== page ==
Vanguard has filed papers with the Securities and Exchange Commission (SEC) for the right to launch a new index-based dividend fund. The fund will be Vanguard's second index-based dividend fund, and its fourth dividend fund overall.
The new Vanguard High Dividend Yield Index Fund will track a custom-made index called the FTSE High Dividend Yield Index. According to the relatively vague prospectus, the fund will seek out … surprise, surprise … high-yielding stocks.
So how does that differ from the other Vanguard dividend funds?
This gets a bit confusing, but here's the idea:
Vanguard's other dividend index fund is the Vanguard Dividend Appreciation Fund (AMEX: VIG, and VDAIX), which launched in April. VIG tracks a Mergent index designed to select companies that both: a) pay relatively high dividends now; and b) have strong underlying growth, which will support even higher dividends later.
The new Vanguard fund does away with the second requirement - strong growth - and focuses solely on high yield. The result should be a significantly higher payout for the fund, with (perhaps) less potential for capital appreciation.
Vanguard offers a similar pair of funds on the active side. The names of the funds are completely backwards, however: The Vanguard Equity Income Fund (VEIPX) focuses on stocks with high yield and good growth potential, while the Vanguard Dividend Growth Fund (VDGIX) focuses primarily on yield. (Emphasis mine).
Index Is Pricey!
In a quirk, Vanguard's new index-based dividend funds are actually more expensive than its active offerings. The traditional mutual fund share class of both the High Dividend Yield and Dividend Appreciation fund charge 40 basis points, compared to 32 basis points for the Equity Income Fund and 37 basis points for the Dividend Growth Fund. Both of the active funds have substantial assets, however, and are able to benefit from economies of scale. It's possible that as the index funds accumulate assets, they will lower their expense ratios as well.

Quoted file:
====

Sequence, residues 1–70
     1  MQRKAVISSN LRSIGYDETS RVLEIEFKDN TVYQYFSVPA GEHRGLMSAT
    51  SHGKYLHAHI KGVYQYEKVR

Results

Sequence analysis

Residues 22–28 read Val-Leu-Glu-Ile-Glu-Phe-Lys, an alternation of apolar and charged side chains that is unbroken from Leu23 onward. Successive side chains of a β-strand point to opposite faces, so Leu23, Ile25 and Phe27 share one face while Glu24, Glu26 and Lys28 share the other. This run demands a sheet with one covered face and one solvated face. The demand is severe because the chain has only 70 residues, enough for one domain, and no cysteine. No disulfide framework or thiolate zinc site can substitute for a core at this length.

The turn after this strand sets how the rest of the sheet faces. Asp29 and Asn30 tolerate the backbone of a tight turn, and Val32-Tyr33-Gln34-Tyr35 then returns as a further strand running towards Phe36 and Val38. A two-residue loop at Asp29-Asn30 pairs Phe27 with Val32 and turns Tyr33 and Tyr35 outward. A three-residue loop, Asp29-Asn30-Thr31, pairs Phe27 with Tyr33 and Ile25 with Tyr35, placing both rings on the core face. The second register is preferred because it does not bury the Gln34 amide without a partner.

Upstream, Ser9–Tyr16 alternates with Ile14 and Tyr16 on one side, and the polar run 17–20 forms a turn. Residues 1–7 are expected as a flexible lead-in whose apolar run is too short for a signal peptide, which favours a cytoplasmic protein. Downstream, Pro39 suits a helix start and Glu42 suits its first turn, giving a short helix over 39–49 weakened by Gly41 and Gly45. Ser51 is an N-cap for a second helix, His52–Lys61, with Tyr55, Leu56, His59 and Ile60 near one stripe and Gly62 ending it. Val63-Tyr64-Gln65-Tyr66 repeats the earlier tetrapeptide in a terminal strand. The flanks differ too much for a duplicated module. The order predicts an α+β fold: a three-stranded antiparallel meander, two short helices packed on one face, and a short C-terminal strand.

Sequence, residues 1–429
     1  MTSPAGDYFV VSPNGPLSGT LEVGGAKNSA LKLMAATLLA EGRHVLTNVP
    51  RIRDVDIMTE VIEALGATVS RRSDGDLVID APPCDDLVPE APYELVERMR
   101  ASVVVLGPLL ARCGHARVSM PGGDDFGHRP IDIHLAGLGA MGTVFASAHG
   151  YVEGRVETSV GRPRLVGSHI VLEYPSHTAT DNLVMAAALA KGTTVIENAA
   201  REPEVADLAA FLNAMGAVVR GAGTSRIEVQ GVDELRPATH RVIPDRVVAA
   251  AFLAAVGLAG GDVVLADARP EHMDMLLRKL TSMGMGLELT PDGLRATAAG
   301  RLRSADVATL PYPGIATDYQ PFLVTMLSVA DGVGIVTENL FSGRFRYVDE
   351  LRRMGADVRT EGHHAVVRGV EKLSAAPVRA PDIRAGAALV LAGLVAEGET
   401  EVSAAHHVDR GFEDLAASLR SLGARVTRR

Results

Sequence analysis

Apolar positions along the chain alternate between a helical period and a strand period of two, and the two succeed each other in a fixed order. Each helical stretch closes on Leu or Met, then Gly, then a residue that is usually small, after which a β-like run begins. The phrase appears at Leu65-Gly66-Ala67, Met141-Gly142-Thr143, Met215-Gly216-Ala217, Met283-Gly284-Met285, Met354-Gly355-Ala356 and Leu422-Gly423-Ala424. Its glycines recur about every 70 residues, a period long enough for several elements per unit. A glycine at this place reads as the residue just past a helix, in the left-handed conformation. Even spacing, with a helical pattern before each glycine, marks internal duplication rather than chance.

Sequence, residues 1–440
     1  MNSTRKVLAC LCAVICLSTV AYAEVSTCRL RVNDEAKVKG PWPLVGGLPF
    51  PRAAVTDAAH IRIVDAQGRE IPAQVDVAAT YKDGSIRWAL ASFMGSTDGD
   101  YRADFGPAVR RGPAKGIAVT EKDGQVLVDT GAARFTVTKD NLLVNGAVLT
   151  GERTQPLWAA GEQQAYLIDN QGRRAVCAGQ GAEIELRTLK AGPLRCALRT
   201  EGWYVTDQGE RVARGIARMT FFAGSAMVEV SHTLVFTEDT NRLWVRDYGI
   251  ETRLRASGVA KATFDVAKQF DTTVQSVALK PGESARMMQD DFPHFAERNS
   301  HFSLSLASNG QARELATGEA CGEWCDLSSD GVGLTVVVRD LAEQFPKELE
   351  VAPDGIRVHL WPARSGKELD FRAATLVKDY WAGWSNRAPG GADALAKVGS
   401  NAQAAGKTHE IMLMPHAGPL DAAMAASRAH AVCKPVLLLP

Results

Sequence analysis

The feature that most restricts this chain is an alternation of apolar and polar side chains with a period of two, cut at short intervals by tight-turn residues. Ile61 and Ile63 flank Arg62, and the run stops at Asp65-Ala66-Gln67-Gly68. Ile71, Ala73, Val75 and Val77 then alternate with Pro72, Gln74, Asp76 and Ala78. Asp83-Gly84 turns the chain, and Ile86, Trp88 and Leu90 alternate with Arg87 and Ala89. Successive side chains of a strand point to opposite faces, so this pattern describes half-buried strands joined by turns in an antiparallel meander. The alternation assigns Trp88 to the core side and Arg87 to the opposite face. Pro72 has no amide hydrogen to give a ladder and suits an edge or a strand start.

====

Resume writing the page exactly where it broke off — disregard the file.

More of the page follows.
Regardless, the expense ratios for the ETF shares for the index funds are the cheapest overall. The Dividend Appreciation ETF (AMEX: VIG) charges just 28 basis points. Vanguard is planning on having an ETF share class for its new High Yield fund, but there is no word yet on expenses or tickers.
Emerging Markets Emerge
In other Vanguard news, the company has decided that the stock markets in Russia and Malaysia have matured enough to be included in their $9.6 billion Emerging Markets Stock Index Fund.
Since inception in 1994, the Vanguard fund has tracked a custom-made MSCI benchmark called the Select Emerging Markets Index, which excluded certain countries due to concerns about liquidity, repatriation of capital and various barriers to entry. One by one, however, those "excluded" markets have been upgrading and coming to meet Vanguard's standards. In 2003, Chile, Peru and India were admitted to the club. Now, Malaysia and Russia have made the grade.
With those additions, Vanguard says the Select Emerging Markets Index is now "effectively the same" as the standard MSCI Emerging Markets Index. As a result, Vanguard is changing the fund's benchmark to the standard index.
This move will significantly raise the stakes in the huge market for ETF-based Emerging Markets exposure. For years, Barclays Global Investors has justified the higher fees on its Emerging Markets ETF - the iShares MSCI Emerging Markets Fund (NYSE: EEM) - by noting that its fund was more complete than Vanguard's. In particular, it often called out the differences in exposure to Russia and Malaysia.
Now, however, the two funds will be substantially identical. Vanguard charges just 30 basis points in expenses for its Emerging Markets ETF (AMEX: VWO), while iShares charges a whopping 0.75 percent. Currently, the iShares fund has ten times the assets of the Vanguard fund - $12 billion vs. 1.2 billion - but the new fee levels could put pressure on that ratio, or at the very least, put pressure on BGI to lower its fees.